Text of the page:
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We tend to think about system leadership in the context of integrated place-based care and as part of collaborative multi-agency efforts to improve population outcomes, rather than as a leadership approach in a crisis. Yet during the global response to the Covid-19 pandemic I’ve witnessed many of the system leadership behaviours described in Welbourne and Fathers model that lead me to think that, in a situation of this complexity and scale, crisis and system leadership can operate hand-in-hand.
Welbourne and Fathers describe three key behaviours related to system leadership:
Courage: Most senior leaders have some training in emergency preparedness, but training and simulations of pandemic responses may not adequately equip leaders to face the true system challenge of Covid-19. Its fast moving, poorly understood and its repercussions simultaneously affected human and structural elements of society (banking, transport, supply chains, procurement etc). During the crisis period, there was only so much that could be directly controlled, and we relied on the willingness to embrace uncertainty and trust people to respond to the Government’s call to ‘Stay at Home, Protect the NHS, Save Lives’.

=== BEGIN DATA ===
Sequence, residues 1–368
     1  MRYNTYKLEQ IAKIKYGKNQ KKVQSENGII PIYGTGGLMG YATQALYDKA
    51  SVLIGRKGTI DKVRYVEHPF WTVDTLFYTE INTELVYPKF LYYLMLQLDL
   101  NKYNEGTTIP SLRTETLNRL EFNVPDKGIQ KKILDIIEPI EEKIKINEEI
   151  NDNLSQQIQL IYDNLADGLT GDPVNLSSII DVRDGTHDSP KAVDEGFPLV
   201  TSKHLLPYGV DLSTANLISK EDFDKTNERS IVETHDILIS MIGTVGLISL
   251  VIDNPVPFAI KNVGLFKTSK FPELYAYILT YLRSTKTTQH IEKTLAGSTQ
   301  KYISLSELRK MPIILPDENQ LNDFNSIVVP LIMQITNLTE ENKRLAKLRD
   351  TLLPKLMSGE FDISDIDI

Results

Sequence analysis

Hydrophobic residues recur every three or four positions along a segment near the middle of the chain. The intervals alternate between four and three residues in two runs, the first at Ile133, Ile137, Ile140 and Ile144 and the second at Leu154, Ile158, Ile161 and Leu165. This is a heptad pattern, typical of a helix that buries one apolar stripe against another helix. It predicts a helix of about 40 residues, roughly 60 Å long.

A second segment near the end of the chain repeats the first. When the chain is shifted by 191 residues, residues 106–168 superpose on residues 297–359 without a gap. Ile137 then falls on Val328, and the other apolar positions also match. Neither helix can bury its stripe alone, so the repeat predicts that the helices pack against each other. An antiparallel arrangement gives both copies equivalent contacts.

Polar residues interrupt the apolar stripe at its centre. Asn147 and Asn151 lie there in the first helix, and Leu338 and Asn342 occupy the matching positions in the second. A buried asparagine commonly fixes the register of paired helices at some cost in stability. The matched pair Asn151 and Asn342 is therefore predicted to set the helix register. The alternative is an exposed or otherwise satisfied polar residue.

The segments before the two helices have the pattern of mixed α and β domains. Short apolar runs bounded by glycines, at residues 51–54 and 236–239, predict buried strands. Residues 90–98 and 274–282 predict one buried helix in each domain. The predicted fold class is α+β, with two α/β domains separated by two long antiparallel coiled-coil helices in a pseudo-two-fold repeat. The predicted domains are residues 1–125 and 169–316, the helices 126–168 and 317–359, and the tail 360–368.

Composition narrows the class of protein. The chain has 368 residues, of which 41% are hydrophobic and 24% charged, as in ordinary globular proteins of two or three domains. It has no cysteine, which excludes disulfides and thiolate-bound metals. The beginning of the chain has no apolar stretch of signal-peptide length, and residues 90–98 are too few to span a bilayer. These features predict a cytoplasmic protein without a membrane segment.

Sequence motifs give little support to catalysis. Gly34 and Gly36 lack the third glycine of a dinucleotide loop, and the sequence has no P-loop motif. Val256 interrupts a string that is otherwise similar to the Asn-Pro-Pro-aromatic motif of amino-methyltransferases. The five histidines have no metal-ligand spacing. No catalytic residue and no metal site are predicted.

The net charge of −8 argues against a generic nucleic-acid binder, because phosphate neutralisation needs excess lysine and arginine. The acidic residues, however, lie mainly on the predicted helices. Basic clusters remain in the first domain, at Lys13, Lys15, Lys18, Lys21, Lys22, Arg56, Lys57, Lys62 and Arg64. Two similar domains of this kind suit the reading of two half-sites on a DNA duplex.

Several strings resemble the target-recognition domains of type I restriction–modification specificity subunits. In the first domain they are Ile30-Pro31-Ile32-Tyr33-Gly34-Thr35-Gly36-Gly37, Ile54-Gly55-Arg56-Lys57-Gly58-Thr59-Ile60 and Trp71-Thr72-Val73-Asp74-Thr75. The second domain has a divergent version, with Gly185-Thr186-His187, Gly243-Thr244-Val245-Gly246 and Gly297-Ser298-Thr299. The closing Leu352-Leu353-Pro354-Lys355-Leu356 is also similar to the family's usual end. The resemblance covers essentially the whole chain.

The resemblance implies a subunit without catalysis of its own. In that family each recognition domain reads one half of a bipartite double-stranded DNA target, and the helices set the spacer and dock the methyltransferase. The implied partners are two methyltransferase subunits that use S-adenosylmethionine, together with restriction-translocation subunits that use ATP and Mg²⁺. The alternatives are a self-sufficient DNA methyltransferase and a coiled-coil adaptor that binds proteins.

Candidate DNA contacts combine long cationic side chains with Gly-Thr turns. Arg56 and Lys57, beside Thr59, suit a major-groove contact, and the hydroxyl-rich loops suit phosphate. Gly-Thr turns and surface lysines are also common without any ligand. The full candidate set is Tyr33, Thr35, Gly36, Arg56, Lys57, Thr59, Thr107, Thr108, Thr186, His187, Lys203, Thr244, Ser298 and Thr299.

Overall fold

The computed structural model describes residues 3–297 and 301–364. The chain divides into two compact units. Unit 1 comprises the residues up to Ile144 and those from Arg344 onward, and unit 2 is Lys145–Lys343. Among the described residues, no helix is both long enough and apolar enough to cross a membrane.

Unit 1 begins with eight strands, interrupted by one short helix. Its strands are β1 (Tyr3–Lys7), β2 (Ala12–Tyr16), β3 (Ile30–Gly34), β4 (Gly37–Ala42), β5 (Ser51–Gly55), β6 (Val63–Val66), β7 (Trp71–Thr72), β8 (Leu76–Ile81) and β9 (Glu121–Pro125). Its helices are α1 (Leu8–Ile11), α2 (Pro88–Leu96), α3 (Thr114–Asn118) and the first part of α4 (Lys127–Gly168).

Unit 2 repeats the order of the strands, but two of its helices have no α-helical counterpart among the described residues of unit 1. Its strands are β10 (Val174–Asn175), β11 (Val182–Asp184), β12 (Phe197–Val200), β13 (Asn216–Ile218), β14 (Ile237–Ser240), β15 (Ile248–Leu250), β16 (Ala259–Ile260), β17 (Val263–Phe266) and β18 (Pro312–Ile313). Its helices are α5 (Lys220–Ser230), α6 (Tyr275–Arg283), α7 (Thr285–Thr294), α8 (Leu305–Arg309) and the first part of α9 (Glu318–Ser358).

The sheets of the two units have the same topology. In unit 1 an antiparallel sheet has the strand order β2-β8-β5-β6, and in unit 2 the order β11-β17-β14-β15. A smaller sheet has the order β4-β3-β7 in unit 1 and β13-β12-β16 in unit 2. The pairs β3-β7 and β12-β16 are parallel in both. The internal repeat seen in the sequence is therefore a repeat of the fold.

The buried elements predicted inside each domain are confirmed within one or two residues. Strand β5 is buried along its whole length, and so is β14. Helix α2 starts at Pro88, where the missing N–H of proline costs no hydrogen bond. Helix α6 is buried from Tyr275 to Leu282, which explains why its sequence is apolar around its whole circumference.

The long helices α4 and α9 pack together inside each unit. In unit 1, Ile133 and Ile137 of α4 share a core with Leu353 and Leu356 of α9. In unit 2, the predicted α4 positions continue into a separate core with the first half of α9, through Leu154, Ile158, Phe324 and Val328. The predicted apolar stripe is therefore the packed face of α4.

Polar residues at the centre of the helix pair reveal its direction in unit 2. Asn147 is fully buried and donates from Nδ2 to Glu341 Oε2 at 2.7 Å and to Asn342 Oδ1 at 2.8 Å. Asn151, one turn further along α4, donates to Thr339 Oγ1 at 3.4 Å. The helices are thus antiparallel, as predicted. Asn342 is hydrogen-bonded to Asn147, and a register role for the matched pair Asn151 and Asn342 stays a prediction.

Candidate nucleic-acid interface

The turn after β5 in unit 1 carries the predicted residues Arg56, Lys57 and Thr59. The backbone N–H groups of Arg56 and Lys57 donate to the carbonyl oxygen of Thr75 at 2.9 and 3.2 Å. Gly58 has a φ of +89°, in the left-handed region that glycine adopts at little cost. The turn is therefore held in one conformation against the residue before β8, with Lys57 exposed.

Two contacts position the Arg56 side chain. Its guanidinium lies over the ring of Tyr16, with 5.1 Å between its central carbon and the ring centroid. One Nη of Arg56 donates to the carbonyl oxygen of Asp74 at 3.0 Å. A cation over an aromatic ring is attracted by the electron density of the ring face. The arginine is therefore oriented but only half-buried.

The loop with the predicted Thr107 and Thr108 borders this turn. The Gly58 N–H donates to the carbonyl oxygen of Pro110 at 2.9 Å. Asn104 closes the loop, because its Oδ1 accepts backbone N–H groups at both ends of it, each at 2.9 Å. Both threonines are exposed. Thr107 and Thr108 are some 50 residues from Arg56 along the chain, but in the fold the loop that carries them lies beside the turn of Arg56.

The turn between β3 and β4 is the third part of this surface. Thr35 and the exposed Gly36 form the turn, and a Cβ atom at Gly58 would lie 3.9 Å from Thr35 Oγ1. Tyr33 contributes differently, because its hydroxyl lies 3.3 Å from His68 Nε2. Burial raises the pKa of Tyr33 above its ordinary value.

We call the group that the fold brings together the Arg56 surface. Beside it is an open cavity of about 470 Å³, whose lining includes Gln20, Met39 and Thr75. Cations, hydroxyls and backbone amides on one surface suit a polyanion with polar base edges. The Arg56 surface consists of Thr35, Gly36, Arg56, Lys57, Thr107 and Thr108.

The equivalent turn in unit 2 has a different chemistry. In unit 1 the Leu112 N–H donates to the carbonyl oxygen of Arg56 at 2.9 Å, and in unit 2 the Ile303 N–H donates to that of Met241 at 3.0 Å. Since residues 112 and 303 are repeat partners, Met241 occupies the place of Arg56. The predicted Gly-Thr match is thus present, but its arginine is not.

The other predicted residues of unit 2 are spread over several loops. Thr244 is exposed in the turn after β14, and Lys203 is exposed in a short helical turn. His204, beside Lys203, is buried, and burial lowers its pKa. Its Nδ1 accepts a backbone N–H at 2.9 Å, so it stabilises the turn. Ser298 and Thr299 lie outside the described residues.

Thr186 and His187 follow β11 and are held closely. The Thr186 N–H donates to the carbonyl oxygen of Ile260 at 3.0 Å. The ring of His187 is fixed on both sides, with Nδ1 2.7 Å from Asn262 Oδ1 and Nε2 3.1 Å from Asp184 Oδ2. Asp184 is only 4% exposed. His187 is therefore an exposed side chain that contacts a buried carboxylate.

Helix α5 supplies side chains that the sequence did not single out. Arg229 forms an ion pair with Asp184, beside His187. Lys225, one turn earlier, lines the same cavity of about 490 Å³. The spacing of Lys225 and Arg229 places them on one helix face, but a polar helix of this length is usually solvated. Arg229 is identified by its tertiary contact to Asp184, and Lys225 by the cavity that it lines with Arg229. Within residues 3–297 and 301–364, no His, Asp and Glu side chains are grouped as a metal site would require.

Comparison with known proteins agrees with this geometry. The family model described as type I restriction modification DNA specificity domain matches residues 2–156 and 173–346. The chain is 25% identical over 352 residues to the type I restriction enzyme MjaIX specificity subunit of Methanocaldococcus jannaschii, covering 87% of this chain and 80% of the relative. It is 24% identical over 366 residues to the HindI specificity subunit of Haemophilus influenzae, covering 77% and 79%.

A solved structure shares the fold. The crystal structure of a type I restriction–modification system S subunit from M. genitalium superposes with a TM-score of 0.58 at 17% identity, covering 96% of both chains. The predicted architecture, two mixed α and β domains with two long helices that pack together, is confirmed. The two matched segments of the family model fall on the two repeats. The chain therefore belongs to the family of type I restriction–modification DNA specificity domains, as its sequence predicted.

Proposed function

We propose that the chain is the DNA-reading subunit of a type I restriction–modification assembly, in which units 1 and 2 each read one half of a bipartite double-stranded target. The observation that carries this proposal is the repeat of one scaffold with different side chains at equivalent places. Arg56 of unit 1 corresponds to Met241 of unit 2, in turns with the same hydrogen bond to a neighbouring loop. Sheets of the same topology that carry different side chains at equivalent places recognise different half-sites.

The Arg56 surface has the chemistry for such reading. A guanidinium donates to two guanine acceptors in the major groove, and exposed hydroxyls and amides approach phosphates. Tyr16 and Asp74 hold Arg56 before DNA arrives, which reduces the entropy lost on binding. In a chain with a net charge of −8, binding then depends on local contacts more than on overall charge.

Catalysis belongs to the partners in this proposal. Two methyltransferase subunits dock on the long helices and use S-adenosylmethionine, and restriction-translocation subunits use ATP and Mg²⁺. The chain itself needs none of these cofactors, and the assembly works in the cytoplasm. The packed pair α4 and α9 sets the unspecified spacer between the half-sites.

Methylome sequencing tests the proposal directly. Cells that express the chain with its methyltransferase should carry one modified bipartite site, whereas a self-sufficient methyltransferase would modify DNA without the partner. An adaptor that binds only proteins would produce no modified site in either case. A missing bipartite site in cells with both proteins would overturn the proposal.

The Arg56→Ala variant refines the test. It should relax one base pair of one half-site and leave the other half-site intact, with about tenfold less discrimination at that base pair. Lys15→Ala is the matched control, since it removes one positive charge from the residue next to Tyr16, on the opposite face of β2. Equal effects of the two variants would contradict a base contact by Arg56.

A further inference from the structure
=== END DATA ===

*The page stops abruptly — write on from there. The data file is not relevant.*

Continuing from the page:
Leaders have demonstrated trust and a willingness to distribute leadership and find alternative solutions. For example, asking communities to convene and support one another, particularly vulnerable and shielded people; in foregoing normal procurement methods by sourcing ventilators from suppliers such as Dyson and BAE Systems; and in reliance upon charities and volunteers to self-organise and provide PPE such as Salford’s visor production collaboration between the hospital and local volunteers.
Curiosity: Leading a system when many elements were unknown required a questioning and enquiring mindset. Having recognised the earliest cases of Covid-19, China quickly shared the gene sequencing data which led to collaborations across the international scientific community to better understand the virus, and to experiments in testing and vaccine production. In hospitals, clinicians demonstrated deep curiosity in seeking alternatives to mechanical ventilation for Covid-19 patients. They scanned the international literature, connected with colleagues in countries further ahead in pandemic than the UK, and generated ideas for alternative treatment. With the courage to test and implement something new far faster than in normal times, innovations such as Warrington and Halton’s Hospitals ‘black box’ CPAP model were introduced.
Clarity: A key public act of system leaders is the messaging, communication and, in the case of Covid-19, the clear instructions for citizens and institutions. Jacinda Ardern, Prime Minster of New Zealand, has been lauded for her leadership of the country in both the 2019 terrorist shootings and in her clear and compassionate announcement of a Covid-19 alert system and a request ‘Please be strong, be kind, and unite against Covid-19’.
This uniting voice is a common feature of system leaders, whilst they might not have the answer – and as discussed above, they may rely on others to find solutions – they catalyse people to act on a common problem, and inspire confidence that together people have the ability to achieve a common goal.
Now, pause for a few minutes and reflect on the leadership examples around you.
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